Google quietly removed the suggestion that the text of a website should be “written by people” from its guidance for site owners who want to do better in search results, a change first spotted by Search Engine Land. The change will likely accelerate the deluge of AI–generated content that’s already beginning to spread across the web, in part thanks to tools that Google itself is building.
Until last week, Google made it clear that human authorship was one of the most important factors in how high up in Google’s search results links to a site would appear. The very first sentence of Google’s previous Helpful Content Update said its algorithms were tuned to ensure that users see “content written by people, for people, in search results.” But as of September 14th, 2023, that’s no longer the case. The page now says only that Google wants “content created for people” but doesn’t have anything to say about who or what should do the writing. Previously, it was not explicitly clear whether Google would penalize content for robot authorship. Google did not immediately respond to a request for comment on the change.
It’s a subtle difference with major implications. Many websites and publications build their entire editorial strategies around performance on Google, and Search Engine Optimization (SEO) is a multibillion dollar industry. Millions of people go over the scant information Google provides about its systems, and the tiniest changes can have seismic effects.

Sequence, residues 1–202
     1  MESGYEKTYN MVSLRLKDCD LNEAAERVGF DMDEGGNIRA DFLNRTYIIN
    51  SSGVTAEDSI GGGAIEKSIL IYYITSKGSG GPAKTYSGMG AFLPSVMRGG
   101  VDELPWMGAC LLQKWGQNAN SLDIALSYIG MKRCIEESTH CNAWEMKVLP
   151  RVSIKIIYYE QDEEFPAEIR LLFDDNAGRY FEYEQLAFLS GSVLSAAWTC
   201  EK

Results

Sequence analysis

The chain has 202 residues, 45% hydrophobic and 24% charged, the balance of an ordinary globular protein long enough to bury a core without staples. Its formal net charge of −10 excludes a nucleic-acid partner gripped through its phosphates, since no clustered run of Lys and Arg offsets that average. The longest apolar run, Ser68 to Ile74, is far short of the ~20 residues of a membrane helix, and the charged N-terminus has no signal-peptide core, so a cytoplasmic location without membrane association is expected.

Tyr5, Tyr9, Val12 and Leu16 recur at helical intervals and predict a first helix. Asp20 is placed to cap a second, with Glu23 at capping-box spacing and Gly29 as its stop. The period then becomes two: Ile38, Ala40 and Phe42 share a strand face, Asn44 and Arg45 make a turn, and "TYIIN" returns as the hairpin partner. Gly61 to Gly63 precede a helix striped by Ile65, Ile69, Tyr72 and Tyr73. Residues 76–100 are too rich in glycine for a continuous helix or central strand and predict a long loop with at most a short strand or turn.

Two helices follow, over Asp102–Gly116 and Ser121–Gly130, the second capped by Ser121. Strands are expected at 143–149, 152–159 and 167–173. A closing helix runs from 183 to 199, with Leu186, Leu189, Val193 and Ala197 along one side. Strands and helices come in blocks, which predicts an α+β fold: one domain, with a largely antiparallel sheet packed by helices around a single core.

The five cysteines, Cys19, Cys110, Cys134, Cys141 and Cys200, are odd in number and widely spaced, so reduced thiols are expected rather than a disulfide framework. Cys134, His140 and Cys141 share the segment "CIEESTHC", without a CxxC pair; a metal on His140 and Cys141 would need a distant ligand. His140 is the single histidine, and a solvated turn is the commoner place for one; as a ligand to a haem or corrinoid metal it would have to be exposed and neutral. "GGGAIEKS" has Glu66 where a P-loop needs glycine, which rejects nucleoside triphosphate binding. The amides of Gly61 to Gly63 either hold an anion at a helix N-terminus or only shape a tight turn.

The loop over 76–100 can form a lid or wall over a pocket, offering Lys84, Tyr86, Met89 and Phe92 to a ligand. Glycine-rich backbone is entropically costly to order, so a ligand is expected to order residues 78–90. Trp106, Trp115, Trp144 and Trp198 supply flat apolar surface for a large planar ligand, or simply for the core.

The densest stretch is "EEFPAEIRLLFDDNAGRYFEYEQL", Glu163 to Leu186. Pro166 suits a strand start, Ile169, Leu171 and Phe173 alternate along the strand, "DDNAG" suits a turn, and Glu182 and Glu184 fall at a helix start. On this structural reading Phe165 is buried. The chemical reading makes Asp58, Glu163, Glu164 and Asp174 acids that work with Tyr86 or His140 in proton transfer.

The business of the internet lives and dies on the first page of Google, but in many respects, getting your website to the top is a guessing game. Google does offer some guidance. The company says its algorithms rank pages based on how “helpful”they are, and about once a year, Google publishes the Helpful Content Update, which includes details about how its systems judge relevance and define “helpfulness.”
In one sense, the language in the Helpful Content Update is about marketing and public relations. Google is so influential that some accuse the company of encouraging websites to write content built for the company’s robots, rather than the people who ultimately click the links that Search serves up. That’s a bad look for a company that says finding useful information is its whole mission.
Google’s Search recommendations are changing as AI capable of generating believable text proliferates. In August, Gizmodo exclusively reported that the tech news site CNET had deleted thousands of old articles in a bid to improve the company’s performance on Google Search, generating an industry-wide conversation about so-called “content pruning.” The most recent Helpful Content Update includes the warning that erasing articles to make your website seem “fresh” is a waste of time.